“Blue is a Feminine Color in Africa”
From the myth of the goddess Asi of Liberia to women’s ritualistic use of the blue gemstone Lapis Lazuli in Kemet (Ancient Egypt) and the indigo blue Adire of Yorubaland, many historical African representations of the color blue as a powerful color are linked to the female sex. By contrast, in contemporary westernized global culture, blue as a powerful color is associated with the male sex. When a baby boy is born, a majority of products targeting him – cards, clothes, blankets, feeding bottles, toys, etc. – are blue. Africans have imported the latter narrative, but even in the western tradition, as the originally blue-clothed portrayals of the Virgin Mary show, the color blue has a more complex history. My talk intertwines myth, history, culture, feminist theory, scientific research and personal observation for a new and fascinating exploration of the feminist principle that “gender is a construct”. It shows how we are deeply conditioned into our identities as male and female but also, within an African context, how we also are freer and less constricted to gender norms than is generally believed.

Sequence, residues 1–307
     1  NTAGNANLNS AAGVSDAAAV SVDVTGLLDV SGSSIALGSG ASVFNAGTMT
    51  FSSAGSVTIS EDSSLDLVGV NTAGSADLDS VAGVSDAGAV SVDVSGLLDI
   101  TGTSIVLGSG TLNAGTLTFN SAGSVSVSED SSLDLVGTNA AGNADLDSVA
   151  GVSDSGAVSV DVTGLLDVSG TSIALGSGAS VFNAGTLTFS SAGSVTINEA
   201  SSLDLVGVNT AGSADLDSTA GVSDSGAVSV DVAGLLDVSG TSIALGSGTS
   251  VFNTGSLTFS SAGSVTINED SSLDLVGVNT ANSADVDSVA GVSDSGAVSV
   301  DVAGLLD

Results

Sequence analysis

I’m thrilled to be presenting the above talk at the African Studies Association (ASA) Women’s Caucus Luncheon and Lecture 2018 this weekend in Atlanta. As the largest association of Africanist scholars, the ASA is an organisation to which I am indebted in its championing of the African Studies field and I look forward to contributing my thoughts to its body of work.
The talk will later be converted into a piece of writing.
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